Coming up with an idea for a startup is not is an easy exercise, and bringing it to life is a beast of its own, especially if your business is going to be based on a data-driven application. Consider companies like Google, Microsoft, Amazon, Facebook, LinkedIn, Netflix, and Twitter. Each of these handles huge volumes of data and traffic.
When it comes to data driven applications, companies need to be agile, test hypotheses cheaply, and respond quickly to new market insights by keeping development cycles short and their data models flexible.
Data-driven applications are continuously pushing the boundaries of what is possible by making use of these technological developments. An application is data-driven if data is its primary challenge — the quantity of data, the complexity of data, or the speed at which it is changing — as opposed to compute-intensive, where CPU cycles are the bottleneck.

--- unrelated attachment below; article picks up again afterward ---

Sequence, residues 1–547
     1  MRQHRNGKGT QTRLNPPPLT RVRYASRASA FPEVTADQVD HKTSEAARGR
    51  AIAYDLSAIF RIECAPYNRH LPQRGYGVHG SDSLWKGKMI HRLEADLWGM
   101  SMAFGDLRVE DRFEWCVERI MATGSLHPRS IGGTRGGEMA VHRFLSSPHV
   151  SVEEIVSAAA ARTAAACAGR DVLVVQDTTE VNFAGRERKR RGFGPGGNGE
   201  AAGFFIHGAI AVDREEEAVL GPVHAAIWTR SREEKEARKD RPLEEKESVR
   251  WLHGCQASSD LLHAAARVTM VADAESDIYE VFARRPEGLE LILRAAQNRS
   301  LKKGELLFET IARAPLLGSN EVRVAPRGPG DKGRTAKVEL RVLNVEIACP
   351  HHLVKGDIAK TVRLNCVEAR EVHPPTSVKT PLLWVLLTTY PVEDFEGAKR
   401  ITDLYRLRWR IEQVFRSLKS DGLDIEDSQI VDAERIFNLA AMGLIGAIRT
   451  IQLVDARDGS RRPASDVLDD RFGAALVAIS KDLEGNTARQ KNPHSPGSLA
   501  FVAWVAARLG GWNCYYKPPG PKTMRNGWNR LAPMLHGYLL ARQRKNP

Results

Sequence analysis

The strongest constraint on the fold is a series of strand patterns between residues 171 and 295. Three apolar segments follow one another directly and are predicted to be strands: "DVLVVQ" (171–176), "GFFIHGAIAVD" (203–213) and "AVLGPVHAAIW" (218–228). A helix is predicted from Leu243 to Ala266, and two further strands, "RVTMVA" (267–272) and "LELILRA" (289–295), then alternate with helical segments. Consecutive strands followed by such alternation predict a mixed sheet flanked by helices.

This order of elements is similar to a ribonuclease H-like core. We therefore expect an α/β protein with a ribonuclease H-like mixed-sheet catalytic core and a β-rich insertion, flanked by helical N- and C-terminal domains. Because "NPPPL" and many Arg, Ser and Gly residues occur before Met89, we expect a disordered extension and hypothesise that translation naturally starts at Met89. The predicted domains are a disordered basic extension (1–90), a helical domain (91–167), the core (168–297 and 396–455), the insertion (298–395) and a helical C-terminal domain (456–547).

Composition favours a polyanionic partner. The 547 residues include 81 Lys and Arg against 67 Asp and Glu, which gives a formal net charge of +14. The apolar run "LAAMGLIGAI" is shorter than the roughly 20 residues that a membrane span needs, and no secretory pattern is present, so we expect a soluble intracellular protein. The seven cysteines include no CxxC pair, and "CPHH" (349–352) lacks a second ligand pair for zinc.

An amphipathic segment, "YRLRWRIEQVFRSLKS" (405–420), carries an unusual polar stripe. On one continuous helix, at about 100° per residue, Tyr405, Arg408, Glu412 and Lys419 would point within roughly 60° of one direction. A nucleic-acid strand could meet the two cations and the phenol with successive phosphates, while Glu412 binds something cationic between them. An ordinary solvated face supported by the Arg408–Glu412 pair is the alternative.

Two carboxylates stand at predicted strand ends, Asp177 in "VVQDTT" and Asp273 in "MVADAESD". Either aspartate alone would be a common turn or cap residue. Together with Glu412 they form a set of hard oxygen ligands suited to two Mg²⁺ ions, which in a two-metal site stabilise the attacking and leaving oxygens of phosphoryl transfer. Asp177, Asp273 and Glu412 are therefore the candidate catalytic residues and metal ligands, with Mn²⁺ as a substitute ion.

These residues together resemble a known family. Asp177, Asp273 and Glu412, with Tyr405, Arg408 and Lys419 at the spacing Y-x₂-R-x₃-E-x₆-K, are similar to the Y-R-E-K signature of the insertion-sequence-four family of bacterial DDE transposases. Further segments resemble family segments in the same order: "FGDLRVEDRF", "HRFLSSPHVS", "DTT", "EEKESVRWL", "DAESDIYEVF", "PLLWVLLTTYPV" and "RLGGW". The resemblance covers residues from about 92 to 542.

The tools and technologies that help data-driven applications store and process data have been rapidly adapting to these changes. As a result, newer types of database systems have been getting much attention. Database technology has had to evolve to match up to increasing demands of big data. Traditional relational databases cannot support the speed, scale and performance levels demanded by new applications that transact with this huge amount of data. In her article Big Data and NoSQL: The Problem with Relational Databases, April Reeves, says the following: